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July 10th, 2019, 07:28 AM   #1
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People prove the derivative of $\displaystyle e^x$, $\displaystyle \ln(x)$ using either the formula of $\displaystyle e = \lim_{x \to 0} (1+x) ^ \frac{1}{x}$ or if they know one of the derivatives $\displaystyle e^x$, $\displaystyle \ln(x)$ they use it to prove the other.

My textbook first gave me without proof that $\displaystyle \frac{d}{dx}e^x = e^x$

Then it found the limit of $\displaystyle \ln(x) $ using the chain rule:
$\displaystyle
f(x) = \ln(x) \Leftrightarrow e^{f(x)} = e^{\ln(x)} \Leftrightarrow e^{f(x)} = x \Leftrightarrow
\frac{d}{dx}e^{f(x)} = \frac{d}{dx}x \Leftrightarrow e^{f(x)} \frac{df(x)}{dx} = 1 \Leftrightarrow
\frac{df(x)}{dx} = \frac{1}{e^{f(x)} } \Leftrightarrow \frac{d}{dx}\ln x = \frac{1}{e^{\ln x} }
\Leftrightarrow \frac{d}{dx}\ln x = \frac{1}{x}
$

And then it uses the limit of ln(x) at x=1 as calculated above with the definition of the derivative in order to show that $\displaystyle e = \lim_{x \to 0} (1+x) ^ \frac{1}{x}$

And then others (on the internet) are using $\displaystyle e = \lim_{x \to 0} (1+x) ^ \frac{1}{x}$ to show that the derivative of $\displaystyle e^x$ is $\displaystyle e^x$.

Well the circular problem is solved if you can some how find the derivative of $\displaystyle e^x$ without using any of the above. Then all the other derivatives and e as a limit can be proved by using $\displaystyle e^x$.

Can you show me the right order? Well the book might have a good reason that it hasn't shown to me yet; maybe it's really difficult to calculate the limit of $\displaystyle e^x$.

Thank you.

Last edited by skipjack; July 10th, 2019 at 11:06 AM.
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July 10th, 2019, 08:32 AM   #2
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If you want to avoid circular reasonings, you'd need to start by adressing what is the DEFINITION of e, e^x and log(x).
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July 10th, 2019, 08:37 AM   #3
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Quote:
Originally Posted by Micrm@ss View Post
If you want to avoid circular reasonings, you'd need to start by adressing what is the DEFINITION of e, e^x and log(x).
You mean the infinity series that give e and e^x?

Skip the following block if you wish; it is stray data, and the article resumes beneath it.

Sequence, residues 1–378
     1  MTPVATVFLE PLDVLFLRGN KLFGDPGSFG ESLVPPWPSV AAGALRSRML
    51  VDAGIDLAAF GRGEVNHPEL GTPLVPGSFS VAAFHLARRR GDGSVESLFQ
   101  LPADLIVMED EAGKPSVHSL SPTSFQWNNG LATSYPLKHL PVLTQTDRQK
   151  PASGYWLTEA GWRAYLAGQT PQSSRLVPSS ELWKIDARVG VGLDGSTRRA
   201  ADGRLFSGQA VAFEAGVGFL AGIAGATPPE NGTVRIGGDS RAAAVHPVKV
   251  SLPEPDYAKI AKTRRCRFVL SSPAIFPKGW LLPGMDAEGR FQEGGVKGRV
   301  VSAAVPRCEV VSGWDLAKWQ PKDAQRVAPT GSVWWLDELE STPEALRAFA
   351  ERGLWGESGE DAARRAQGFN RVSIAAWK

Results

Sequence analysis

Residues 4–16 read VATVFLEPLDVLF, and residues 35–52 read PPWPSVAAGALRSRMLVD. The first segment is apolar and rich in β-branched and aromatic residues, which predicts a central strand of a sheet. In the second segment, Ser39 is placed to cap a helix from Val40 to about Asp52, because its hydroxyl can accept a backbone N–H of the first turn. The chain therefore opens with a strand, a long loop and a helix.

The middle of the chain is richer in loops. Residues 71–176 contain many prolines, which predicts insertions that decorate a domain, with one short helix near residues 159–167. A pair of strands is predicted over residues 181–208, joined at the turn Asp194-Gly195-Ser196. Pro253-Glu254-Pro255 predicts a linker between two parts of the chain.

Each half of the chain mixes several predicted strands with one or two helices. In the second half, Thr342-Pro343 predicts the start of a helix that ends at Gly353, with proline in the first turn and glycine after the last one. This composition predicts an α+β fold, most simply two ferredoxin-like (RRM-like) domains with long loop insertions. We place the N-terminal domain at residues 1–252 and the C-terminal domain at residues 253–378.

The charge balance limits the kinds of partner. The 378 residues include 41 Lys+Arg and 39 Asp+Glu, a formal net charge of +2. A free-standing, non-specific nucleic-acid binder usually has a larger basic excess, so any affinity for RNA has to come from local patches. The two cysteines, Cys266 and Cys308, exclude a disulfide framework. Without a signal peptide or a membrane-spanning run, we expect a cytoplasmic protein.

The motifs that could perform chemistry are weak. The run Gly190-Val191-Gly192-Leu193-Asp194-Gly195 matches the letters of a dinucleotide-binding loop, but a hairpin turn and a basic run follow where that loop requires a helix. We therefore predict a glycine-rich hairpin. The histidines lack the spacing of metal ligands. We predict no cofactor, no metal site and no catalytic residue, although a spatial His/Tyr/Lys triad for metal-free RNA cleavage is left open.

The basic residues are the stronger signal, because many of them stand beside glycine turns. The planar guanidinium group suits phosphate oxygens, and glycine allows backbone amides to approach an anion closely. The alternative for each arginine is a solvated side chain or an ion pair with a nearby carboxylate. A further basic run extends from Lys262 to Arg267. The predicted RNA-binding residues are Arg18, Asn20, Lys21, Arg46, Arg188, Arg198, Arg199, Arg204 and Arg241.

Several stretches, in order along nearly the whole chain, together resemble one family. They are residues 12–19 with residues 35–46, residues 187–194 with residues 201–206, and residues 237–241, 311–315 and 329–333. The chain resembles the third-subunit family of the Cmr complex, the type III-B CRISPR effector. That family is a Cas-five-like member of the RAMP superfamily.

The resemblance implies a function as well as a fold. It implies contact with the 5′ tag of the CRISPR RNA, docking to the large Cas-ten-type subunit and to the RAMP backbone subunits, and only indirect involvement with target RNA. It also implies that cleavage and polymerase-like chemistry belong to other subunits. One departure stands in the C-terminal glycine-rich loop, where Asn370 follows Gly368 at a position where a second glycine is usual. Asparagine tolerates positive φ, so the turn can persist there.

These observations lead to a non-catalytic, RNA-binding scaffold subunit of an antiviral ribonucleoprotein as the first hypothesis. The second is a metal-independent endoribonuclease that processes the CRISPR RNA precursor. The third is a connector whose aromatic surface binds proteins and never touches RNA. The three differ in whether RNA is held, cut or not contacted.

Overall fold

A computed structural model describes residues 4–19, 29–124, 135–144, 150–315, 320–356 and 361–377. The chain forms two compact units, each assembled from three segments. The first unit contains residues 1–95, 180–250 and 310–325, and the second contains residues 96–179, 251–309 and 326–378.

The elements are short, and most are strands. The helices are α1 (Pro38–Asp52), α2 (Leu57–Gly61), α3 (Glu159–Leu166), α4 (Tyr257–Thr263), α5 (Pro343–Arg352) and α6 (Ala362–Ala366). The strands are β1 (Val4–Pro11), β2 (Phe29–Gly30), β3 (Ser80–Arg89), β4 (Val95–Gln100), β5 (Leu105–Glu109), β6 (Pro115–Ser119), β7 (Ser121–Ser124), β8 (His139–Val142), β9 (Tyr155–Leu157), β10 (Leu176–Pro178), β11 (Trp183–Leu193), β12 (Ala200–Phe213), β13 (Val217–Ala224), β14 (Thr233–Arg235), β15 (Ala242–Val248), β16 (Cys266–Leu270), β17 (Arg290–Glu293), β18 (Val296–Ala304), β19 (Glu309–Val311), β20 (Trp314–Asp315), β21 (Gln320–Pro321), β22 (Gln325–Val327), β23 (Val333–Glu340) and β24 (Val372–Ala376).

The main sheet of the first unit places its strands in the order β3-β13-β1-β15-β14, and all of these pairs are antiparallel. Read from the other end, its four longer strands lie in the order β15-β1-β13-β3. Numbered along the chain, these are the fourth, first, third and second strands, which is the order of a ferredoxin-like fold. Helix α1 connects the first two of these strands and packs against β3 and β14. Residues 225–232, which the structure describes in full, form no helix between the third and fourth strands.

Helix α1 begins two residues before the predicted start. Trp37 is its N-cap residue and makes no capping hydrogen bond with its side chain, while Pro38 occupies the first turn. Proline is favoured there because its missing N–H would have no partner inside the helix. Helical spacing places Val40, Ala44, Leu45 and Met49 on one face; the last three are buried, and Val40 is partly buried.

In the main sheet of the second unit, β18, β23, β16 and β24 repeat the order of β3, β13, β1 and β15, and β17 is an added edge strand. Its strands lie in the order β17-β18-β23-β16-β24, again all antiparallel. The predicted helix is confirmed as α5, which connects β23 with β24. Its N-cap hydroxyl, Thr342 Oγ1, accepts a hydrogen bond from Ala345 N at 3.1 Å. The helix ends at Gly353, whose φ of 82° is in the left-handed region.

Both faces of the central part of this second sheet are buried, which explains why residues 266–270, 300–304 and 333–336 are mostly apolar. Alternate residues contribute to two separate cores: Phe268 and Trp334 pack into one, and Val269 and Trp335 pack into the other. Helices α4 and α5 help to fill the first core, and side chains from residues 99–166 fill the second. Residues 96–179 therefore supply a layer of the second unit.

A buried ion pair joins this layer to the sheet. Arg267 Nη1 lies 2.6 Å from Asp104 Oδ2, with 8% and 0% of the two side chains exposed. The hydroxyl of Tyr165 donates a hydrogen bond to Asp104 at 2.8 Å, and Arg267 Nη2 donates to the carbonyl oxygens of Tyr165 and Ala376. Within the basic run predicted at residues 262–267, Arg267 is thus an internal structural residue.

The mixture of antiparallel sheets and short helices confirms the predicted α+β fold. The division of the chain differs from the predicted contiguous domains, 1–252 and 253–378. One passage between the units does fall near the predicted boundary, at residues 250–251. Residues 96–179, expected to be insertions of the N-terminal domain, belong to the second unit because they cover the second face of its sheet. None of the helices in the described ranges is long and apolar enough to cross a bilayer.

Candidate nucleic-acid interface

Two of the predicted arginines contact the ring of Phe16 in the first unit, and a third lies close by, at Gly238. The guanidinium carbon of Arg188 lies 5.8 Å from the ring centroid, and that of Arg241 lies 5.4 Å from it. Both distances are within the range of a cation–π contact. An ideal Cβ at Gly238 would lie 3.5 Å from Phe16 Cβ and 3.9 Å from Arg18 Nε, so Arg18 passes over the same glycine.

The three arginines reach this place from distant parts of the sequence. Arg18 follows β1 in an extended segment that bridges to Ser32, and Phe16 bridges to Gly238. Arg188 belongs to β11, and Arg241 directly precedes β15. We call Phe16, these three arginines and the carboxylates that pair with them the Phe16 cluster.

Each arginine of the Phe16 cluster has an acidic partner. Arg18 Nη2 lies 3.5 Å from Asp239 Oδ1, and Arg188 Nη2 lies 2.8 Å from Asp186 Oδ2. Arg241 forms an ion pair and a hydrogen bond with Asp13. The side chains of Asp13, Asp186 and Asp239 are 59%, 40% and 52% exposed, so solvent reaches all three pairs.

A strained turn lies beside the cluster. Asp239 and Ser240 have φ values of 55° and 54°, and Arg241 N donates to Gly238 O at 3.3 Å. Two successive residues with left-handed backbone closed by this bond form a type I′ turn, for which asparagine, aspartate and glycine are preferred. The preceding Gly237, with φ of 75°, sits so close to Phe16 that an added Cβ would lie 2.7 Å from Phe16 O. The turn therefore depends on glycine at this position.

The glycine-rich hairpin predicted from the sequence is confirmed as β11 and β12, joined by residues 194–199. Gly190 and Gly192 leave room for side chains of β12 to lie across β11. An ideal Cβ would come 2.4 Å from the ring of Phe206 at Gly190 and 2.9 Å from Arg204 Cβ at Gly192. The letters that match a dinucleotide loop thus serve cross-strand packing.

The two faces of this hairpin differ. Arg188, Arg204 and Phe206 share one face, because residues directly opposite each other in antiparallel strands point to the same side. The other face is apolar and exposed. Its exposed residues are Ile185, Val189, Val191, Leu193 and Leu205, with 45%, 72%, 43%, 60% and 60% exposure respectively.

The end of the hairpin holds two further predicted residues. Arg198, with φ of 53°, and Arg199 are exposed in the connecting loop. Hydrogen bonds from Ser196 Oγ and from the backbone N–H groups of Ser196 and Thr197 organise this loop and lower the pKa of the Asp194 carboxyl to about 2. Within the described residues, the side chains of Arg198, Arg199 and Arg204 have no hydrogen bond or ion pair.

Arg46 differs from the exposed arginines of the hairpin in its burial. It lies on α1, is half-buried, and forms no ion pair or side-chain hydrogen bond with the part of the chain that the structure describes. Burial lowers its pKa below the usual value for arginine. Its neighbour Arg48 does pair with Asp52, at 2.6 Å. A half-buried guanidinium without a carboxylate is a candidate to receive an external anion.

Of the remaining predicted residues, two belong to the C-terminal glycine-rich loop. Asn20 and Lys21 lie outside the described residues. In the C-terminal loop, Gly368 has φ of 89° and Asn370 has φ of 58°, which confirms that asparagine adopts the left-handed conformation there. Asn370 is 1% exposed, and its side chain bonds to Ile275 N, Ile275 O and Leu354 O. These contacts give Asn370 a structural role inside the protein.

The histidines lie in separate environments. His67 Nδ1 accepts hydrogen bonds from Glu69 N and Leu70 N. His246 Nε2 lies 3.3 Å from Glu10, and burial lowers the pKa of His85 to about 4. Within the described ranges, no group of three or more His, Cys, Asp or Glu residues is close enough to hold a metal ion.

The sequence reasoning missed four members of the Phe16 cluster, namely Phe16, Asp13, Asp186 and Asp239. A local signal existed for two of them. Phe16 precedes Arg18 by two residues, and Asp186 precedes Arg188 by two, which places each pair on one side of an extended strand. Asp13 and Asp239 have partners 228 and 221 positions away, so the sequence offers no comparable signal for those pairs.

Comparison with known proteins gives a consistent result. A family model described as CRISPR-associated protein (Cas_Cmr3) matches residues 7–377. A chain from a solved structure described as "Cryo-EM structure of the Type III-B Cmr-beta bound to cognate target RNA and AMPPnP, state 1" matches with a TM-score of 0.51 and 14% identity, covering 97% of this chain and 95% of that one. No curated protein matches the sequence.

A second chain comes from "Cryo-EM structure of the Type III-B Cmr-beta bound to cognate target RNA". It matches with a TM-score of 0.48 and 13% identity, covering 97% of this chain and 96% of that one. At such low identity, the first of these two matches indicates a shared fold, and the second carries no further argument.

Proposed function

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July 10th, 2019, 08:56 AM   #4
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Quote:
Originally Posted by babaliaris View Post
You mean the infinity series that give e and e^x?
I usually see it as

$\ln(x) = \displaystyle \int_1^x~\dfrac{dt}{t}$
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July 10th, 2019, 09:06 AM   #5
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Quote:
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I usually see it as

$\ln(x) = \displaystyle \int_1^x~\dfrac{dt}{t}$
hmm. But still the reason I know how to solve this integral is because I ask my self "What do i need to derive from to get 1/t?" so how does that integral make sense as a definition?
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July 10th, 2019, 09:30 AM   #6
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hmm. But still the reason I know how to solve this integral is because I ask my self "What do i need to derive from to get 1/t?" so how does that integral make sense as a definition?
A bit of reading on the web will provide you with all the answers to this question that exist.
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July 10th, 2019, 11:38 AM   #7
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Quote:
Originally Posted by babaliaris View Post
. . . how does that integral make sense as a definition?
One needs to start somewhere. For $x > 0$, it defines a function of $x$ that can be called "$\ln(x)$" and has the properties you'd like for a logarithm.

One can now define $e$ as the value of $x$ such that $\ln(x) = 1$.
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